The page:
I’ve been thinking about my career path. Although I have recently changed courses (from a system/network administration/engineering track to the software engineering track), I’m still on the same path. I still solve unique problems using a varied set of skills. Despite that it’s a stable and visible path, sometimes I feel like I’m missing out.
Reading up on former classmates and acquaintances who have made millions on web-based ad-driven businesses while seemingly having the times of their lives, it’s easy to see green. Not just money, but that it’s somehow better over in that world. The view of New York City or San Francisco out the window. The low-key workplace. Not a single cubicle in sight. The ability to use whatever tools you want to use to get the job done. Less corporate bullshit. The informal collegiate atmosphere. Though never mentioned in articles, the pressure of a start-up. The bonding that only occurs after the whole team has been working through the night. The outings. The happy hours at work and on the company dime. Short of long nights, the bonding, and different sorts of pressure, all things that I’m not likely to experience on my path. It isn’t all depressing. I’m pragmatic about it. I work with a stellar team and we end up having a good time in the process. I know that no matter what I read about others, how good it looks elsewhere, I know that they’ve got problems too, just like the rest of us.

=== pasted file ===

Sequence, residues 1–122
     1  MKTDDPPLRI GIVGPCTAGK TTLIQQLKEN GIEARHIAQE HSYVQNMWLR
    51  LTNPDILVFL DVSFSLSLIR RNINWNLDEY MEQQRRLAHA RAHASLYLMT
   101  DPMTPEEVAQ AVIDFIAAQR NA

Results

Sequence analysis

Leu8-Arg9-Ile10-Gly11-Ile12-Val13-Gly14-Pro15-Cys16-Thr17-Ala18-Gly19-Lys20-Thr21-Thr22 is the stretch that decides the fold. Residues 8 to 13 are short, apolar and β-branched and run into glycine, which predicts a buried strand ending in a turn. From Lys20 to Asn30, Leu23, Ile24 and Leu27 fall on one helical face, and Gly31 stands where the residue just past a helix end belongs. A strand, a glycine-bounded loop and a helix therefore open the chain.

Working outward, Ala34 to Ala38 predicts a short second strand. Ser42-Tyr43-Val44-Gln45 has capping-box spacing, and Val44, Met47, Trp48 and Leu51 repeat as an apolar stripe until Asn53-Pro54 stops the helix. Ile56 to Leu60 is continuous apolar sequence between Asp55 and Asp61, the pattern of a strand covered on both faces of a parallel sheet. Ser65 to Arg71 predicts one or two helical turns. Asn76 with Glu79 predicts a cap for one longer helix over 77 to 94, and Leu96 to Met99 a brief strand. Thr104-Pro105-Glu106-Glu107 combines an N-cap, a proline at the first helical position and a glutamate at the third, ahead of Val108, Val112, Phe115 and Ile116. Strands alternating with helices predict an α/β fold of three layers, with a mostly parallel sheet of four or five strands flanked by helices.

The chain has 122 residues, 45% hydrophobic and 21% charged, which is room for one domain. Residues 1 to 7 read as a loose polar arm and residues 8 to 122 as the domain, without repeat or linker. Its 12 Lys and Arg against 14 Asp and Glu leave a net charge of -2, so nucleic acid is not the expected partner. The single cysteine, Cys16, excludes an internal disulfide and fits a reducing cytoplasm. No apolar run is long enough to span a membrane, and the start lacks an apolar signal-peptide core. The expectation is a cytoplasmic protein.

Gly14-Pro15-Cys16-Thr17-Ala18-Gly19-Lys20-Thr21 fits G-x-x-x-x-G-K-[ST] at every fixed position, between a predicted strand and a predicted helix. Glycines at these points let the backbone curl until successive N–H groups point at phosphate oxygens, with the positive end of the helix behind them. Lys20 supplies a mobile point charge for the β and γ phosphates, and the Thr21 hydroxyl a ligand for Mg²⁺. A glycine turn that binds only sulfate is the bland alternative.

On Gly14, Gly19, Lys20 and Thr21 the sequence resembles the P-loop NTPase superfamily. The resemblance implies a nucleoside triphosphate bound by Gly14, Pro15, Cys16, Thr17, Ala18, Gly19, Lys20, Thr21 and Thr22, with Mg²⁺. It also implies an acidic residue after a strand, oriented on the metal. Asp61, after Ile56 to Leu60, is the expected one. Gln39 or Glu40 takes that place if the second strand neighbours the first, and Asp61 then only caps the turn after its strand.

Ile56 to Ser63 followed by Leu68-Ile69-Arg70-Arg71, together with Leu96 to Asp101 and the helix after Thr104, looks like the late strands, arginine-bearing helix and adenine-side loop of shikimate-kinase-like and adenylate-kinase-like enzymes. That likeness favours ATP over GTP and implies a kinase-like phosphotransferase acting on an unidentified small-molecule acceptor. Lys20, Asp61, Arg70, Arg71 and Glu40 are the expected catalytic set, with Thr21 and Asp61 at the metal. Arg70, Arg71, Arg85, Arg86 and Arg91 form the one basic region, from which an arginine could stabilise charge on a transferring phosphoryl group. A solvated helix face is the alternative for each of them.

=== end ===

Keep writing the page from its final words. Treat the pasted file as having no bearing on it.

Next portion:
I could have been there. There have always been plenty of openings at Vimeo, Facebook, Twitter, and others, loosely chronologically speaking. The work/life balance was appealing, with perks galore. But there was something missing. I need to feel like my work accomplishes something and is important. As cool as getting an idea up off the floor and into the hands of the masses (as is the case in the social media products) it doesn’t measure up in the importance column. Sure, millions of people live and breathe by them every day (and I won’t get into whether or not they should)… but those sort of statistics and metrics aren’t enough.
There’s also the financial aspect. Not in how much money I’m making, but where it’s coming from. I’d make a horrible entrepreneur. I’m risk averse. Not many of those companies stand on their own. For most, advertising is an add-on that covers costs but doesn’t generate sufficient revenue to keep things in the black. Some have a viable business model that includes a forecast of profits, even if it’s a long way off. Most don’t, having a neat product and no way to monetize it. Whether started with angel or VC money, I wouldn’t be comfortable knowing that my salary was bleeding an investor’s funding with a definitive end in sight.
I like knowing that lives lie in the balance. I could never manage a hedge fund; I’d be so far removed from the people whose money it was that I’d only be worrying about profits. Whether you’re a police officer or an ER doctor or a commercial pilot or a soldier standing post, your efforts can directly track to someone’s well being. While I’m not directly involved or standing on the front line, I currently feel like I’m only a half-step back. I can see where what I do has a serious impact on people’s lives. Yes, the perks and social atmosphere look greener on the other side. But on the other hand, I sleep soundly knowing that I make a difference.